Back in August 1945, the Second World War ended with mass death and destruction, as the United States dropped bombs on the Japanese cities of Hiroshima and Nagasaki, killing more than 200,000 people and leading to the Japanese government’s immediate surrender.
The attacks were the first time that nuclear weapons were used in combat, and now, more than 70 years later, it remains the only time.
We came very close to nuclear war during the Cold War, most notably with the Cuban Missile Crisis in 1962, but the recent conflict between the United States and North Korea threatens to break the 72-year record of nuclear-free existence.
The rhetoric coming out of North Korea has become so aggressive, many people in the United States are worried that a nuclear strike is not only an option worthy of consideration, but a real possibility at some point in the future. What would happen, though, if America was to nuke North Korea?
The idea of engaging in nuclear combat is something that doesn’t bear thinking about for many millions of people across the world, but Jerry Hendrix, a retired Navy captain as well as a senior fellow at the Center for New American Security, revealed that any nuclear attack would likely be a pre-emptive strike, aimed at stifling North Korea’s capability to either defend further attacks, or counterstrike themselves.
The attack would likely involve taking out North Korea’s surface-to-air capabilities, which are relatively formidable and could pose a serious challenge. It’s likely that American F-22s, F-35s and B-2 bombers would be used to do the damage, while the United States could also get help from F-15s and F-16s from South Korea and Japan, perhaps using unmanned planes to limit the risk to pilots.
The rapid nature of the attack would leave little time for civilians to evacuate, Hendrix says, and millions of people would be caught in the crossfire. Millions of Koreans could be killed, but Hendrix believes that millions of Americans would also lose their lives.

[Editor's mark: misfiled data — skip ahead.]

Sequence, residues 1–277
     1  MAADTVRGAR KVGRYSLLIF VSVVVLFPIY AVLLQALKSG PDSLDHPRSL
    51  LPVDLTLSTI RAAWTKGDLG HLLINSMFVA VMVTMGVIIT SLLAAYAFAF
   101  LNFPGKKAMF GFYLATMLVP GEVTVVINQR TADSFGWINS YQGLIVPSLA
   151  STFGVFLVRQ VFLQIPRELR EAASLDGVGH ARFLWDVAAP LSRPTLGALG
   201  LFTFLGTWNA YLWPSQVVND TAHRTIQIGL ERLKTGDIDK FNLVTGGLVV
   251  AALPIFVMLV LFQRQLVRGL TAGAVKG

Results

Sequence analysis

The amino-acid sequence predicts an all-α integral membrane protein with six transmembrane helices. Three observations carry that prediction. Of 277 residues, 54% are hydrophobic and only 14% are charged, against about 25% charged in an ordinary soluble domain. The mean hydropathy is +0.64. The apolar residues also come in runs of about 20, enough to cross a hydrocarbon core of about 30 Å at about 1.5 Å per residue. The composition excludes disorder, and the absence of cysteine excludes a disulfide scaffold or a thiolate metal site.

On the other side of the conflict, senior fellow for Korea studies at the Council on Foreign Relations Scott Snyder believes that Kim Jong-un is aware North Korea couldn’t use nuclear weapons for offensive purposes, saying that the Supreme Leader of North Korea “wants to survive” first and foremost.
A report by the U.S. Defense Intelligence Agency says that they do indeed have a missile capable of striking the United States, but Snyder says that capability is still “unproven”.
“At this stage, even with the [Defense Intelligence Agency] report out there, I would still say that they have an unproven capability to deliver because there has not been a judgment yet about their ability to master re-entry to the earth’s atmosphere, so that applies for now to the continental United States.”
Although launching a nuclear attack has been considered, with President Trump conceding that he’s keeping “all options on the table”, it’s still viewed by almost all US officials as a “last resort”.
Still, if tensions keep rising in the way they have been between the United States and North Korea, there’s a distinct possibility we could see nuclear warfare for the first time in nearly a century.